Since 2003 Reeves has worked with some of the finest composer/ performers, including Marc Ribot, Skúli Sverrisson, Elliott Sharp, Zeena Parkins, Anthony Burr and Eyvind Kang. As the daughter of a trumpeter, gravitating toward film and music collaborations was quite natural for Reeves. Her most ambitious film and music performance, the feature-length double-projection WHEN IT WAS BLUE (2008), premiered at Toronto International Film Festival with live music by composer/collaborator Skúli Sverrisson. Her multiple-projection films with live music have been performed internationally, from the Sydney Opera House and the Berlinale to RedCat in Los Angeles and the Wexner Center in Ohio.

Reeves has also made a number of experimental narratives, most notably her highly acclaimed feature THE TIME WE KILLED. The Village Voice Film Critic’s poll (2005) honored THE TIME WE KILLED with votes from six film critics for categories including: Best Film, Best Cinematography, and Best Performance.

Reeves is presently working on a new film for which she has been awarded the 2016 Princess Grace Awards Special Project grant.

Reeves also teaches animation part-time at The Cooper Union.

Adam Khalil (Ojibway) is a filmmaker and artist who lives and works in Brooklyn. His practice attempts to subvert traditional forms of ethnography through humor, relation, and transgression. Khalil’s work has been exhibited at the Museum of Modern Art, Sundance Film Festival, Walker Arts Center, Lincoln Center, and Whitney Museum of American Art, among other institutions. Khalil is the recipient of various fellowships and grants, including but not limited to: Sundance Art of Nonfiction, Sundance Institute Indigenous Film Opportunity Fellowship, UnionDocs Collaborative Fellowship, and Gates Millennium Scholarship. Khalil received his BA from Bard College.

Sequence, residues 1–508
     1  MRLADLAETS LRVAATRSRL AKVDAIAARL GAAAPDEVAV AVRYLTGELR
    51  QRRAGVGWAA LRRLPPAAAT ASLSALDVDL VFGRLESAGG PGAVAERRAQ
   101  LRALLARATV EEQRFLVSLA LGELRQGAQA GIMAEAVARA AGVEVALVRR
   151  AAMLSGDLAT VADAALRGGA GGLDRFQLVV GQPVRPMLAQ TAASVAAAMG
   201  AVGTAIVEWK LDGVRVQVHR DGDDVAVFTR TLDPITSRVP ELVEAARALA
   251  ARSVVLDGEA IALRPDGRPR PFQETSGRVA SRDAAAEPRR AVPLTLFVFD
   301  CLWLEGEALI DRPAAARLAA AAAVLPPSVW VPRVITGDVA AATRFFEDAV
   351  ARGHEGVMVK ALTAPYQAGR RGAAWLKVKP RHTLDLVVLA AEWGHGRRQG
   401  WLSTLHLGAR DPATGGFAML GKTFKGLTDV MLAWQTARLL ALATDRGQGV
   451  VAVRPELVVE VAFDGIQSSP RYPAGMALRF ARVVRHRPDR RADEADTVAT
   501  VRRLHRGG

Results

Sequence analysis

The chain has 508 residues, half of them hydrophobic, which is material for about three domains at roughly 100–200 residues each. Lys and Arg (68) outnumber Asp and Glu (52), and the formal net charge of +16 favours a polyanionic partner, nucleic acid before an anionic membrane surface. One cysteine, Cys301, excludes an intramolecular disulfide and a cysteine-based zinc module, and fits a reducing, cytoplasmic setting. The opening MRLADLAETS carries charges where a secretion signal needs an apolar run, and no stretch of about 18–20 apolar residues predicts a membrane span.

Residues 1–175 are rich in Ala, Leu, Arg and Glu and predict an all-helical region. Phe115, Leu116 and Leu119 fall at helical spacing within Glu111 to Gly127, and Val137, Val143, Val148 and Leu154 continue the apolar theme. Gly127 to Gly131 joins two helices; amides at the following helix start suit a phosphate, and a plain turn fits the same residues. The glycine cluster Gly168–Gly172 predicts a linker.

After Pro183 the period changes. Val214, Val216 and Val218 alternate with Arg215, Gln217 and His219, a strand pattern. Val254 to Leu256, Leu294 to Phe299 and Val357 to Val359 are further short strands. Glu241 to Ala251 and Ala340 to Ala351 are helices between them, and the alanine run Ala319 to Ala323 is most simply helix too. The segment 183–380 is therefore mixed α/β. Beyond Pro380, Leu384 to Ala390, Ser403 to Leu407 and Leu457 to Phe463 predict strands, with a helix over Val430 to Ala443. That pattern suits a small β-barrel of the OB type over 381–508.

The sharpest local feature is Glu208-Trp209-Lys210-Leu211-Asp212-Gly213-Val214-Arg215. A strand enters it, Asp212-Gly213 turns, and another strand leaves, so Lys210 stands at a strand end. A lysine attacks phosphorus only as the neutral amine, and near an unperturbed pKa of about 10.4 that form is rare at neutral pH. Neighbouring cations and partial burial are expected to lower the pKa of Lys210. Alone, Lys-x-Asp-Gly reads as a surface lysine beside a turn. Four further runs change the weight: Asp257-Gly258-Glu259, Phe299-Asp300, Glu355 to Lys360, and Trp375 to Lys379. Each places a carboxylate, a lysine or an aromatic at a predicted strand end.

Lynne Sachs makes films and writes poems that explore the intricate relationship between personal observations and broader historical experiences. Strongly committed to a dialogue between theory and practice, she searches for a rigorous play between image and sound, pushing the visual and aural textures in her work with every new project. Between 1994 and 2006, her five essay films took her to Vietnam, Bosnia, Israel, Italy and Germany — sites affected by international war – where she looked at the space between a community’s collective memory and her own subjective perceptions. Lynne discovered her love of filmmaking while living in San Francisco where she worked closely with artists Bruce Conner, Ernie Gehr, Gunvor Nelson, Barbara Hammer, Craig Baldwin and Trin T. Min-ha. Recently, she began integrating live performance into her work. Both Your Day is My Night (2013) and The Washing Society (2018) evolved from two-year New York City performance tours.

Sachs has made over 25 films which have screened at the New York Film Festival, the Sundance Film Festival and Toronto’s Images Festival among others. Her films have been exhibited at the Museum of Modern Art, the Whitney, Walker Art Center, Wexner Center for the Arts. The Buenos Aires International Festival of Independent Cinema, Festival International Nuevo Cine in Havana and the China Women’s Film Festival have all presented retrospectives of Sachs’ films. Lynne received a 2014 Guggenheim Fellowship in the Creative Arts. She lives in Brooklyn, New York with her husband filmmaker Mark Street. www.lynnesachs.com

Born in Baltimore, Maryland on April 6, 1979, Ben Folstein is an actor, musician, producer, and carpenter living and working in New York City. He attended film school at College of Santa Fe, after which he moved to San Francisco, California in 2001. There he made about 80 short films, while studying and working with filmmaker Craig Baldwin. Upon moving to New York city in 2006, he turned towards music and performance, playing with his band, Level 2. In 2010, he wrote and produced “Love is like Mud”, a puppet rock opera. By 2013, he was working for Sleep No More, and producing a serial science fiction radio drama entitled “Neon Sun”.

Details

Date
Saturday, Mar 2
Time
7:30 pm – 10:30 pm
Cost
Free – $10.00
Program:

Address

322 UNION AVE
BROOKLYN, NY 11211 United States
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SAY SOMETHING BUNNY!

 

An immersive performance based on an unforgettable amateur audio recording made over 60 years ago.